We Can’t Keep Ignoring Our Homeless Crisis

Homelessness has increased by more than 5 percent over the past few years – but, that’s not even capturing the full picture. Despite the specter of evictions, we’re paying scant attention to it.

One of the most under-reported issues in America is the homeless crisis. Even with a major spike in evictions looming – as the Supreme Court recently invalidated a Biden administration eviction moratorium – we’re not having a national conversation about it. We’re seeing signs of it flashing before our eyes, but communities have not yet been collectively moved to tackle it.

The National Alliance to End Homelessness reported an average of 553,742 people in America who are currently homeless; yet those are 2017 numbers – we know that pandemic has pushed a major increase in those numbers: by the time of the NAEH’s 2020 report, there were a reported 580,466 homeless individuals. The 2017 number was revised to 550,996. Still, that represents a more than 5 percent increase in 3 years. We see the increase illustrated in these graphs …

Each year more and more people are losing housing or find themselves unable to retain housing, thus leaving them as homeless. This has been an ongoing problem for years and, yet, the news about homelessness is not as continually highlighted in media as it should be. Homelessness affects all ages and race groups and there are certain factors contributing to this surge.

Each state in America has their percentage of homelessness in America. As of now, according to the United States Interagency Council on Homelessness, California holds the highest number of homeless people, followed by New York and Florida.

However, according to U.S. Housing and Urban Development data, the District of Columbia, New York, Hawaii and California have the highest per capita rates of homelessness …

However, this should come as no surprise considering these four states are considered among the most expensive states for rent with California coming in at number one, Hawaii coming in at two, and New York at number sixteen. With rent continuing to rise in these states, affordable housing has not been available to many people and has played a driving role in this current homeless crisis.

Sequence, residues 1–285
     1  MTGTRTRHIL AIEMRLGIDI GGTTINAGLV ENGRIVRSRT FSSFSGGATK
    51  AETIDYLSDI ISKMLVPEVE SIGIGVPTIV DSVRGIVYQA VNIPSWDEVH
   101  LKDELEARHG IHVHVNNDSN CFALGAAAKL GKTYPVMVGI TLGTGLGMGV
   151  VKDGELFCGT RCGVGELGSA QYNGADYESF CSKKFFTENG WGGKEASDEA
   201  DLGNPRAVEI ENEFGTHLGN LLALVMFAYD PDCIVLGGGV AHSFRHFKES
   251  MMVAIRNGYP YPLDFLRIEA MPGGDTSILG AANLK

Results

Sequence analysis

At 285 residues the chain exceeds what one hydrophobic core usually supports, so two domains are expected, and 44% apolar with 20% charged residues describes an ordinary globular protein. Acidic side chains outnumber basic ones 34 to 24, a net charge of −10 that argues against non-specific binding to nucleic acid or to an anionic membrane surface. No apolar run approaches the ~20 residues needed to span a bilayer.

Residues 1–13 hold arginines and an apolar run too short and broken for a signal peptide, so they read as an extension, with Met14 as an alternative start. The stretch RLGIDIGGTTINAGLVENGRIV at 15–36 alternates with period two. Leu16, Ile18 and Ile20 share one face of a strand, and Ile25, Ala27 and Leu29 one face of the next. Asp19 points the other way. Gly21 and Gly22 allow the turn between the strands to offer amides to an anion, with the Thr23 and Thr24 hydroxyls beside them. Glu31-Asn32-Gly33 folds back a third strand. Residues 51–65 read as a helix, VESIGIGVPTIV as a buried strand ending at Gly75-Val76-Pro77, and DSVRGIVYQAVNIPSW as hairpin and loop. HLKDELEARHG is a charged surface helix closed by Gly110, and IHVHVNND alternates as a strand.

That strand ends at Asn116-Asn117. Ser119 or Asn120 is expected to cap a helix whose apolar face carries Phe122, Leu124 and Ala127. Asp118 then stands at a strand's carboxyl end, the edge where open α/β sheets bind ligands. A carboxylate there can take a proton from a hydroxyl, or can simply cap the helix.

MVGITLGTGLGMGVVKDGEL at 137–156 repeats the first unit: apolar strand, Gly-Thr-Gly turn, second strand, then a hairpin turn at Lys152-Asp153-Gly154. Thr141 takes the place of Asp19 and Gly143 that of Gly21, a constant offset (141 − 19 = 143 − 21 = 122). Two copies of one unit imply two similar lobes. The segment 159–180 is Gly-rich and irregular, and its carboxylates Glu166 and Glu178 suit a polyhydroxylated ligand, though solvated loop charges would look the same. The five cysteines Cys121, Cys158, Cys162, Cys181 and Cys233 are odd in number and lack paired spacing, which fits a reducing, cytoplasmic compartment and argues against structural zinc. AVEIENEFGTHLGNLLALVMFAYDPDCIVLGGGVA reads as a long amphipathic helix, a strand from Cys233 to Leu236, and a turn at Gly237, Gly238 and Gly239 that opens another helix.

Along with non-affordable housing, low minimum wage and persistent unemployment and under-employment for many communities also play a part in this nationwide crisis. Right now, in California, the minimum wage is currently set at $14.00  which is certainly not enough to even afford a one-bedroom apartment. These wages are not enough to make a living and even though there are people out there making ends meet it’s just by a thread. Unemployment rates are still somewhat high in many states, particularly for non-White populations, according to data from the Economic Policy Institute … 

Inability to find jobs with livable wages makes it hard for people to adequately support themselves or their families. Even if a job opportunity is presented to a person, there is no guarantee of an escape door from the path of homelessness.

Clearly, this won’t be solved overnight and it will take time, dedication, and public acknowledgement to find a resolution. A few solutions include housing assistance, more job opportunities, and housing that’s actually affordable. Housing assistance models, such as Rapid Re-Housing, are proven to help combat homelessness.

Rapid re-housing is a primary solution for ending homelessness. It has been demonstrated to be effective in getting people experiencing homelessness into permanent housing and keeping them there. By connecting people with a home, they are in a better position to address other challenges that may have led to their homelessness, such as obtaining employment or addressing substance abuse issues. The intervention has also been effective for people traditionally perceived to be more difficult to serve, including people with limited or no income and survivors of domestic violence.

This type of wraparound provides quick and easy housing to those who are in need without providing the required information such as employment and income. In addition, it also offers an opportunity for communities to effectively address mental health and disability challenges. There should also be various programs available to help the homeless obtain employment or to tap into other forms of economic development. Conventional assumptions about job searching automatically stigmatize the homeless: it can be enormously difficult for homeless individuals to get a job when they are required to put down an address, have reliable transportation, possess a working phone, and meet traditional cosmetic, clothing and grooming standards when filling out an application or participating in an interview.

If there were programs that could help with such requirements and provide those who are in need with what they can, it could go a long way towards eliminating homelessness in the United States. It’s better than nothing: chronic homeless is costing the average taxpayer $36,000 annually – yet, NAEH argues …

… [C]osts on average are reduced by 49.5% when they are placed in supportive housing. Supportive housing costs on average $12,800, making the net savings roughly $4,800 per year. Congress will need to invest in permanent supportive housing to drive progress while reducing tax payers’ spending. Congress should provide at least the $2.487 billion in the House bill for HUD’s Homeless Assistance Grants in FY 2017.

The more awareness around this problem, the closer we get to fixing it. Increased media coverage could make a tremendous difference in not only removing stigmas, but forcing communities to make necessary investments on the front end.


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